When your ethics are aligned, it shows in your daily business operations. Ethical compliance brings happiness to both your customer and critical talent.
So you thought that you were doing the right thing by staying legally compliant. Unfortunately, Future Leader, you learned the hard way that doesn’t cut it in your highly-competitive market.
Especially if there is an ethical conflict, it’s going to make your best customers mad and more likely sad. You see, sadness is a deeper feeling than anger and it lasts longer. Acquiring, retaining and building loyalty with customers and talent who consistently feel an ethical conflict with your decisions is impossible.
Future Leader, build a strong code of ethics and ensure they are communicated to your customers, talent and are used as the basis of your business process and decisions.
Moral Decisions: “This is Doing the Right Thing.”
This is a tough one, Future Leader, but the moral decisions are what will define your leadership legacy and make you superior to your competition.
These are the toughest and most exceptional decisions. They fall out of ‘typical operating procedures,’ so you’ll encounter these less often. Be very aware when one of these exceptions comes your way because it will be defining.
Morals are individually defined and this is why your decision is exceptional. When you are presented with a truly unique problem to solve, exceptional decision-making requires moral judgment.
These exceptional problems often require solutions that fall outside of your defined code of ethics and WAY outside of what you are legally required to do.
Be aware, Future Leader, that many eyes will be watching you during these times because they are so exceptional. When your talent and customers witness you making these exceptional decisions and they fall within their overall moral compliance, you’ll spark joy!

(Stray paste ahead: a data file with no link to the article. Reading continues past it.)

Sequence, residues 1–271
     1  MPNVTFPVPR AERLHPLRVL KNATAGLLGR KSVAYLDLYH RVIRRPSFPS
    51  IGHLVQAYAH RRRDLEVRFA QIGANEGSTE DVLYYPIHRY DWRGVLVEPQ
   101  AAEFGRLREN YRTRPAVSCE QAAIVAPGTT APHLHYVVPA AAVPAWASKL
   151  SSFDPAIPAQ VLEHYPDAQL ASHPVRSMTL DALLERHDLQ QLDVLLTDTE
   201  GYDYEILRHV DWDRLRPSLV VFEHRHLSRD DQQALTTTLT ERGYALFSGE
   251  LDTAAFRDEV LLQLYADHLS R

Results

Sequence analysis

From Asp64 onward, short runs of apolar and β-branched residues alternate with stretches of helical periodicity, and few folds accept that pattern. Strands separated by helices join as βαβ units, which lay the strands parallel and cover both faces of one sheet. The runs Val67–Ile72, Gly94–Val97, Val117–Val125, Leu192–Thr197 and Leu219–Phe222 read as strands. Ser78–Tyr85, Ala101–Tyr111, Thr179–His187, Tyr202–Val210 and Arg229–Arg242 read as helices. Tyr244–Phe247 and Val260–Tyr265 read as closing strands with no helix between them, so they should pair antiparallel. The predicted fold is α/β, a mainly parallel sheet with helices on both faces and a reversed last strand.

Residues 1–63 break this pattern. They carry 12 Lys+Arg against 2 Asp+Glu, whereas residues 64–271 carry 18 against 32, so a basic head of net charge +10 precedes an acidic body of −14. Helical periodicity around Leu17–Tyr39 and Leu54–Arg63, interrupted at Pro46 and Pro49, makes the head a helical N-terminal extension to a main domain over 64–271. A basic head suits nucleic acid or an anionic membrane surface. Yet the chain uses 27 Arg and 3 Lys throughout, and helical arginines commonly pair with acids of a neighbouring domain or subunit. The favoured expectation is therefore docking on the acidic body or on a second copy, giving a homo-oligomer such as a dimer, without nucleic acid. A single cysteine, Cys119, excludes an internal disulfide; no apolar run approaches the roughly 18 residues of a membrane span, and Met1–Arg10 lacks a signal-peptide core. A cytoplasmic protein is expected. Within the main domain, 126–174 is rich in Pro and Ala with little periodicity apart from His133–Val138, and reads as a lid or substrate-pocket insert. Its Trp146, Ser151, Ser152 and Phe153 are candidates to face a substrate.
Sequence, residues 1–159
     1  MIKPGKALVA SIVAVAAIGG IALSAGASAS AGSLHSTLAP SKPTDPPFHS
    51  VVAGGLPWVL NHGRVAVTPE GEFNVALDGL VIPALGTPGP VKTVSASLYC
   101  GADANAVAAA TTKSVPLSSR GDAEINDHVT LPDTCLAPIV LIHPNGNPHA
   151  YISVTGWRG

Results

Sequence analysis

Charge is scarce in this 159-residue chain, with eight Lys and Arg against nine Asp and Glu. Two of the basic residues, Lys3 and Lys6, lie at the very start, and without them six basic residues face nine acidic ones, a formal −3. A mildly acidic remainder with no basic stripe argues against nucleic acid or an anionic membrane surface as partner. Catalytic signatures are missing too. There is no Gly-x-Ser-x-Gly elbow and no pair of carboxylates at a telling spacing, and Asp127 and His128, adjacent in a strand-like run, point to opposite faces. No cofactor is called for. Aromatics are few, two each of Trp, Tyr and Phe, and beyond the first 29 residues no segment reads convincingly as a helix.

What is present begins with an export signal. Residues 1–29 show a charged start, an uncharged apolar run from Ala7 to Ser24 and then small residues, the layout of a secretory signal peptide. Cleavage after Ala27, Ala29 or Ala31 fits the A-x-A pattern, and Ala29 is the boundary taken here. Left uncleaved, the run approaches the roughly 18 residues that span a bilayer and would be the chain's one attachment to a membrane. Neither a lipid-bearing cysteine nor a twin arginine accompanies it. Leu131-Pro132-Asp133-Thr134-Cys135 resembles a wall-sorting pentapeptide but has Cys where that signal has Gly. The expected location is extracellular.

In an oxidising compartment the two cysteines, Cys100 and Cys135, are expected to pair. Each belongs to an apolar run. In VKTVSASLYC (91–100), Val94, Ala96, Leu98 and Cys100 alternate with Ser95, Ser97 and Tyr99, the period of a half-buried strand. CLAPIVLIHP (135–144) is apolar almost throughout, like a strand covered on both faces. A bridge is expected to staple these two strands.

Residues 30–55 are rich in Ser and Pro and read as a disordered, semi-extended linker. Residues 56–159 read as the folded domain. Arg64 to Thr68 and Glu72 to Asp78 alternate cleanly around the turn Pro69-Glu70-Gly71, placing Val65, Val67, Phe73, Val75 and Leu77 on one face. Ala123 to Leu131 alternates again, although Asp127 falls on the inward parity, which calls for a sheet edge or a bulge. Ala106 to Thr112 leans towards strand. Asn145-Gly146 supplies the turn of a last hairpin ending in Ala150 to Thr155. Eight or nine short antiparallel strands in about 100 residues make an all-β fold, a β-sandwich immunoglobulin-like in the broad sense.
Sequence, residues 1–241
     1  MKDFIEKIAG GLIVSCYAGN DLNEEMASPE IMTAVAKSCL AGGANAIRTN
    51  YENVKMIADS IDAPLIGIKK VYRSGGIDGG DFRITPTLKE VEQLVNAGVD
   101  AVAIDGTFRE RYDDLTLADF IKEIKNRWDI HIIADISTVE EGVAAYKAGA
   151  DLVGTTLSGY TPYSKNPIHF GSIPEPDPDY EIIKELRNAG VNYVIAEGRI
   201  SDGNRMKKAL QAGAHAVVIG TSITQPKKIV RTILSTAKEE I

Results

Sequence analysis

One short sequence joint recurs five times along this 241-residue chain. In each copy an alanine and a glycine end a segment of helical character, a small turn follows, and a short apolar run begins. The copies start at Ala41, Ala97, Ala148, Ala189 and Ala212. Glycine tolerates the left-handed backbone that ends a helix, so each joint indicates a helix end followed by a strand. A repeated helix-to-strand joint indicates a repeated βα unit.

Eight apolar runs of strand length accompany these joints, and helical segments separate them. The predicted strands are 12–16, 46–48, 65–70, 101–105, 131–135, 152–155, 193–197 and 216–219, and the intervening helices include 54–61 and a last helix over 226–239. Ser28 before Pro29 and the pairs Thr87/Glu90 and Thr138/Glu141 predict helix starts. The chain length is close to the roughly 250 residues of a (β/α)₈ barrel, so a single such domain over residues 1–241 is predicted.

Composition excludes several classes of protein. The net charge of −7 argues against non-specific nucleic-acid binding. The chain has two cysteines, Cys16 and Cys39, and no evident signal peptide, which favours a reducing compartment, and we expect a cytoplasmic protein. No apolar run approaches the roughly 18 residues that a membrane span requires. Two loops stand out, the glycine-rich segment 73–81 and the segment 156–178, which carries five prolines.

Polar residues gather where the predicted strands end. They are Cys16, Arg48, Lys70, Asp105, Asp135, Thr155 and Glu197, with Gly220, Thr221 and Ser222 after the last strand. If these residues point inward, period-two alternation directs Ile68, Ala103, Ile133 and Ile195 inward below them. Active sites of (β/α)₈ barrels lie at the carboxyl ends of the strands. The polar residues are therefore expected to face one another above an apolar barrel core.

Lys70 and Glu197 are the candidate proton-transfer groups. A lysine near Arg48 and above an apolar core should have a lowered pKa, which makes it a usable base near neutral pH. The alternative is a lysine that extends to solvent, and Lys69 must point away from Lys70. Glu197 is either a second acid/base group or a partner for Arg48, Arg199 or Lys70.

Because they are witnessing what so many leaders and businesses fail to do – what’s right. Not just what is legal, not just what is ethical, but doing the right thing in an exceptional situation.
What is your compass for decision making during these times? Simply ask yourself:
What is the right thing to do? How would I want this handled if it were me?
Yes, Future Leader, that sounds so simple, but as I’ve said in the past, “Simply is hard!”
It requires you intimately knowing your culture, your talent and most importantly – yourself.
When you feel a consistent ‘moral conflict’ inside, you mourn. Yes – moral conflict causes a mournful feeling because something is conflicting with the very core of who you are as a person. It’s a horrible feeling that most of us have experienced at one point or another.
If you feel this conflict often, Future Leader, then evaluate why. Guess what? If you are feeling the conflict, then your customers and top talent are also feeling it. That’s a recipe for disaster and for dooming your leadership legacy of greatness.
So what do you do then?
Make change happen.
Is the conflict coming from your lack of confidence in making these exceptional decisions? If so, then seek guidance through a mentor or other leaders.
Is the conflict coming from your lack of empowerment? Then seek to change that empowerment in the best way you can.
Ultimately, if you are often faced with making decisions that cause a moral conflict and you have no way to change the ‘why,’ then it’s time to plan your exit.
Because, Future Leader, you deserve the success that comes with doing the right thing. Most importantly, you deserve to be happy for needing to do the right thing.
Guess what? You are in excellent company.
‘The fate of humanity is entirely dependent upon its moral development.’ – Albert Einstein
The short video is certainly worth watching, especially if you feel the need to do the right thing in your life, career, business and while building your legacy, Future Leader.
Have you ever heard Einstein's real voice before? (Via Hashem Al-Ghaili)
تم نشره بواسطة Curiosity في 16 أبريل، 2017
Thank you to Curiosity on Facebook for originally sharing this video.
With all my respect and best wishes for your success and happiness in the pursuit of doing what’s right,